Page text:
Unit trust firms gun for Raging Bull Awards on 21st anniversary
THE OSCARS of the unit trust industry, the Raging Bull Awards, celebrated their 21st anniversary last night, and to mark the occasion there were two special awards made in addition to the 10 coveted awards. The event was hosted by Personal Finance, a publication of Independent Media, in conjunction with partners ProfileData and PlexCrown Fund Ratings.
The special awards were for the firm with the top-performing South African equity general fund over 21 years and top multiasset equity fund on a riskadjusted basis over 21 years.
Dr Iqbal Survé, the executive chairman of Independent Media, addressed this year’s event, which was held at the Summer Palace Ballroom in Johannesburg.
More than 300 representatives of leading unit trust firms, boutique managers, financial services regulators and investment industry bodies attend the event. Each year, 10 Raging Bull Awards are awarded.
The most coveted award, for the South African Management Company of the Year, is made on the basis of an average PlexCrown fund rating that measures risk-adjusted returns and consistency of performance across all of a manager’s qualifying funds for periods up to five years.
Last year, Nedgroup Investments was the first management company to scoop the Raging Bull Awards for South African Management Company and for Offshore Management Company.
The award for the Offshore Management Company of the Year is made to the fund manager with the best average risk-adjusted performance rating for its foreign-currency funds.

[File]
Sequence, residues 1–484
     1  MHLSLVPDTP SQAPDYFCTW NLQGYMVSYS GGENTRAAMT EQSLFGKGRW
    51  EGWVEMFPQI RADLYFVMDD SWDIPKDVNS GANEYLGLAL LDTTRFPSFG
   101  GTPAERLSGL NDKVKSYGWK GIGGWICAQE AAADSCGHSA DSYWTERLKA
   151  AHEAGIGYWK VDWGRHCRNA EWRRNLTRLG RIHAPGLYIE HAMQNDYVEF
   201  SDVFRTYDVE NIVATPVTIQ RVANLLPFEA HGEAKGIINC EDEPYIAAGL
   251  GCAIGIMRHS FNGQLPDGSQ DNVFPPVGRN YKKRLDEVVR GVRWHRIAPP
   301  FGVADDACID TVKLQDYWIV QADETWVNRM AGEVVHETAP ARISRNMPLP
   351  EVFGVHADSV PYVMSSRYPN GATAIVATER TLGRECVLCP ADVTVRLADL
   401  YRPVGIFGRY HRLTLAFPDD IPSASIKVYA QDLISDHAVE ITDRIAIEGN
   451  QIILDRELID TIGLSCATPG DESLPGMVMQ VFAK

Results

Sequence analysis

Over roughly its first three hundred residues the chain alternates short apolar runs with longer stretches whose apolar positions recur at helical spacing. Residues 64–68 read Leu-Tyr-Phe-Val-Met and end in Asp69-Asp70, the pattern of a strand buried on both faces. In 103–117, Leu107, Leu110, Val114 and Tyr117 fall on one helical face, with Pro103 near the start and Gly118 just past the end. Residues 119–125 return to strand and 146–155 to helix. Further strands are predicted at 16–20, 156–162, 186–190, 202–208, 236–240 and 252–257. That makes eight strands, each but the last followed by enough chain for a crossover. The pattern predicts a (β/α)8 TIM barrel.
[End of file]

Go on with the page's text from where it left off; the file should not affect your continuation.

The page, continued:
Certificates are awarded to the runners-up in the domestic management company rankings.
The runners-up last year were Coronation Fund Managers and Allan Gray. Coronation has won the coveted Raging Bull for South African Management Company six times – three times in a row – while Allan Gray has been the company of the year four times.
Details of the award, as well as interviews with all the award winners, will be published in this Saturday’s edition of Personal Finance in the Pretoria News Weekend, the Saturday Star, The Independent on Saturday and the Weekend Argus and in Personal Finance website, www.persfin.co.za.
IT IS NOT just Republicans who failed to help US workers adjust to globalisation. Democrats are culpable too. Under the Clintons, Democrats have swopped allegiance to unions for Wall Street & Silicon Valley. No real political will is ever generated to help US workers by insisting they are the best in the world.
The Clinton Democrats want to be about the future, but they see unions as some relic of the past.
The week when Donald Trump, a Republican, opted to withdraw the US from the Trans Pacific Partnership (TPP) is an opportune moment to reflect on the Democrats’ role in managing globalisation in the US.
After all, the hyper-complex TPP deal had been most ardently pursued by a Democratic president who steamrolled over many legitimate concerns expressed during the deliberations.
Obama ultimately only sought rhetorical fixes for these concerns.
Papering over no more
Obama stood in a strong, but ill-advised tradition to paper over whatever the corporations want – and the people quite strongly dislike.
That is just one of the major mistakes various US governments have made in not readying their nation – and especially the blue-collar workforce – for the age of globalisation.
As Edward Alden has shown, this failure to adjust has been known for close to half a century.
For all the rhetoric that was deployed along the way, no real remedial action was taken – until the arrival of Donald Trump of all people.
In their campaign to push TPP forward, the Democrats are plenty culpable themselves.
One could even say that, having championed the cause of globalisation for so long, the Democratic Party is the ultimate loser of the globalisation debate in the US.